The first time you turn on the new Resident Evil 2 remake, it instructs you to adjust a number of visual "sliders." Is this image light enough? Is that image dark enough? Is this symbol too distinct, too faded, or just right? These adjustments are to ensure that you're getting the optimal visual experience the developers intended for you, regardless of your TV settings. Lots of games do something similar, but most of them don't so many sliders for you to fiddle with.
I understood the reasoning behind this fussiness once I started playing. Lit properly, the zombies become partially camouflaged in the shadows, and what stands out is anything that's wet; a puddle of blood, a pile of guts, or some brain matter splattered against the floor. It catches the light and glistens; it's disgusting, and thus, effective. This excerpt from Capcom's press release helps you understand why:
With Capcom’s proprietary RE Engine powering a new photorealistic style, the characters themselves appear sharper than ever and the grotesque hordes of zombies are brought to life with a horrifyingly realistic wet gore effect.
Zombies now react in real time as they take instant visible damage, making every bullet from the player count.
We interviewed Resident Evil 2 director Kazunori Kadoi about the importance of gore to horror games, and to Resident Evil 2 in particular, as well as the work they put into their "RE Engine."
Your developers used an in-house "RE Engine" to create this game. What do you feel are the advantages to this?
The beauty of having an in-house engine is having that extra level of flexibility. One of the main purposes of the RE Engine was to streamline production to increase efficiency and speed, which would also make certain tasks more cost-efficient.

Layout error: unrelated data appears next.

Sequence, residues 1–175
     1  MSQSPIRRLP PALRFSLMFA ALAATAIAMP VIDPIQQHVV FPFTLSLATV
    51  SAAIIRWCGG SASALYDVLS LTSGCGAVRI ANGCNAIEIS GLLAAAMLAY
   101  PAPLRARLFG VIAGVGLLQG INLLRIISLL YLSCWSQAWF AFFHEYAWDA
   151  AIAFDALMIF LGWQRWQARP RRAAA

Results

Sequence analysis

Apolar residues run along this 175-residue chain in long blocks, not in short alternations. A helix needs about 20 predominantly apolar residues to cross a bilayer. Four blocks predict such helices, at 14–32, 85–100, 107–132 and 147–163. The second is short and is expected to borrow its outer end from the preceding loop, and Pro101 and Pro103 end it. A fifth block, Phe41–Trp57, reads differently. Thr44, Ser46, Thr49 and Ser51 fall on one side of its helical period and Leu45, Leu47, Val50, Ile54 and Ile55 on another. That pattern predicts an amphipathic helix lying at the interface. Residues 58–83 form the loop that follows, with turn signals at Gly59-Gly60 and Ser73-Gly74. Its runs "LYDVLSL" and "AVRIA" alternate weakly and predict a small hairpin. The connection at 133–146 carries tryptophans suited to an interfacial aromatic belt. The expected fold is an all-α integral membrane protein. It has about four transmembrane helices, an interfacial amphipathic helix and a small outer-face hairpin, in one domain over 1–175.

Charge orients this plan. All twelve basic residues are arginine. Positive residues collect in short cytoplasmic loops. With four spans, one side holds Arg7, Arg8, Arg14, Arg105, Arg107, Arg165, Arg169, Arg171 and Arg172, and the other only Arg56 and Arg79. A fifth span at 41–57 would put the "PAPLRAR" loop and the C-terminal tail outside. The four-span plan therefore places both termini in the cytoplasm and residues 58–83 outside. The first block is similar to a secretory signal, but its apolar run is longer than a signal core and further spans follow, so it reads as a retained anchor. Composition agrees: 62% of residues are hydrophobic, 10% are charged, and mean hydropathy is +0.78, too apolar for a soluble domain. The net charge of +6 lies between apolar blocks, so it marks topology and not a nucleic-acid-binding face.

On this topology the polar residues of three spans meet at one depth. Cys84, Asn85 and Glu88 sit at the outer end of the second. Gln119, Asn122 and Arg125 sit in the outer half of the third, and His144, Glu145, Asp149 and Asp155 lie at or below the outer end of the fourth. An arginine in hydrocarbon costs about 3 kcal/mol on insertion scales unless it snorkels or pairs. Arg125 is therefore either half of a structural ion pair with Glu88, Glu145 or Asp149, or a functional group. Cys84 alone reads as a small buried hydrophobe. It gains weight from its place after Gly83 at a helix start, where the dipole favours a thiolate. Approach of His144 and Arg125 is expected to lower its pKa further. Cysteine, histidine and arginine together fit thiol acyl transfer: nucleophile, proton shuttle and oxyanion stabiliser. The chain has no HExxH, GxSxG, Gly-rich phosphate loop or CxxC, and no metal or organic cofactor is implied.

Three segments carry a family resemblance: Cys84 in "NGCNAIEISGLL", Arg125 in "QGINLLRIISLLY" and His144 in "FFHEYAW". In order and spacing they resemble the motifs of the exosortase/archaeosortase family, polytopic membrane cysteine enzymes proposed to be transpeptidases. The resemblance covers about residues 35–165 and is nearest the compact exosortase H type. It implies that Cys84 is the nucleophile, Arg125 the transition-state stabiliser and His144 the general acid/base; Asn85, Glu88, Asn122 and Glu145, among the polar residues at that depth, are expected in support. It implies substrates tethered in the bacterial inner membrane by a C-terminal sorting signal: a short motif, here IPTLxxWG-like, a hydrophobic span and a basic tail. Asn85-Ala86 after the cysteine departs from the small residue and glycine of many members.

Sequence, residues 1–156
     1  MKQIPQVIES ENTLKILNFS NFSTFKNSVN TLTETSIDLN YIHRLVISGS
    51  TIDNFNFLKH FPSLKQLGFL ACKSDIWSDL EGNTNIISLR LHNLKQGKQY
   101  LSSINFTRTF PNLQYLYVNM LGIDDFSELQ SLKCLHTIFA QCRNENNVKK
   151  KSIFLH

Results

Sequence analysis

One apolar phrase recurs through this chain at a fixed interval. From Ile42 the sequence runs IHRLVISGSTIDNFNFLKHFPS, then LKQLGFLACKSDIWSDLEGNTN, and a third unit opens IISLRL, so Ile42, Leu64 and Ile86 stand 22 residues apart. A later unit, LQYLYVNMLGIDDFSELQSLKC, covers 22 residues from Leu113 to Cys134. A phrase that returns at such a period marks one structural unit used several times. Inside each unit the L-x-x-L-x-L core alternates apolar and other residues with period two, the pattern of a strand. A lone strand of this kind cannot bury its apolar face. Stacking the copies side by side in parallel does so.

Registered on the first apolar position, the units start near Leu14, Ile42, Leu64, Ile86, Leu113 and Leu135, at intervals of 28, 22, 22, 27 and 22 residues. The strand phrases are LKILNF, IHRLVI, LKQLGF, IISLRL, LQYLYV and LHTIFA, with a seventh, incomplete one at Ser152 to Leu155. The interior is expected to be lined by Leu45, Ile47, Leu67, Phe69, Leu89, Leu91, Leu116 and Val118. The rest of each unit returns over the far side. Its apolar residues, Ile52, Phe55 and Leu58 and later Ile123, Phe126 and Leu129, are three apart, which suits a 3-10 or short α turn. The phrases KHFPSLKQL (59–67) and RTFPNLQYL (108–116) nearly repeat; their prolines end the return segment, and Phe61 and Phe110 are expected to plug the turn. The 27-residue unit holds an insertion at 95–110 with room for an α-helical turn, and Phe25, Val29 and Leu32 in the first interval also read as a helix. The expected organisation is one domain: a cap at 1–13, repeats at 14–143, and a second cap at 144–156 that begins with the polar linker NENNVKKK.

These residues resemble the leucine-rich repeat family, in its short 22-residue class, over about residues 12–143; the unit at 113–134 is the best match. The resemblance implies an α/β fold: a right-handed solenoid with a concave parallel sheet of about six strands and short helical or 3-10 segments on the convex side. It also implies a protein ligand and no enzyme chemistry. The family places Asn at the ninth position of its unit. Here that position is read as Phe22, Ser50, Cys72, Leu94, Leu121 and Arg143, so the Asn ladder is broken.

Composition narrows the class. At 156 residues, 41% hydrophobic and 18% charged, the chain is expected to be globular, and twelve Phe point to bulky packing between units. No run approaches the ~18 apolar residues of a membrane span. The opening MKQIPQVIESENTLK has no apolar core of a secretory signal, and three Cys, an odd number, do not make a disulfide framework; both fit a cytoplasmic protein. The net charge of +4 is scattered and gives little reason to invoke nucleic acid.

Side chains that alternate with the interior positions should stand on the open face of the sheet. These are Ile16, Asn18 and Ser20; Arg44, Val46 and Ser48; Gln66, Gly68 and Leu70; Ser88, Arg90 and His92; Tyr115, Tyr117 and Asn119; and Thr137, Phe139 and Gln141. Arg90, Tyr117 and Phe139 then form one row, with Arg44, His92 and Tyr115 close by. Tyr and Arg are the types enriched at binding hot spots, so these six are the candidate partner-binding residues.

We can evaluate a team’s strengths and weaknesses, [then] update the RE Engine in ways that benefit the team most. In this regard, it’s been a fantastic tool to have in the development of Resident Evil 2.
Why the specific emphasis on "wet gore" in Resident Evil 2?
If I had to summarize it into one statement, we wanted to emulate that inherent level of fear that people have towards sickness and disease. They have a natural intuition to know that moist or wet areas tend to carry more pathogens than a dry area.
Can you tell us any details, along these lines, that the team is especially proud of?
The facial features of the humans and zombie characters are textured at 2048x2048 pixels, which speaks to the level of detail we put into the visuals. In addition to that, we used high-resolution textures on much of the background environments as well.
One of our objectives was making sure the physical damage and reactions were as realistic as possible. You can really see this by utilizing different weapons on different enemies. If you use the shotgun or hand grenades on the zombies, their flesh will get torn apart and impacted in a much more [severe] manner.
Do you feel this serves a necessary function in a horror title?
Gore is a visual tool that gives that extra level of realism and visceral tension. When the characters and enemies are inflicted with physical damage and it’s depicted in a very real and detailed manner, it makes the situation and threat that much more real. This in turn allows the player to get more easily attached or involved in the narrative and environment.
The more immersed and attached the player is, the more scary and impactful it’ll be—whether running into an adversary, or simply walking through an empty, dark corridor. And that, of course, is one of the main goals we always want to achieve in a survival horror game.
Resident Evil 2 launches on the PlayStation 4, Xbox One, and PC on January 25, 2019. It is a remake of the 1998 original title, also titled Resident Evil 2. Check out the official website for more information.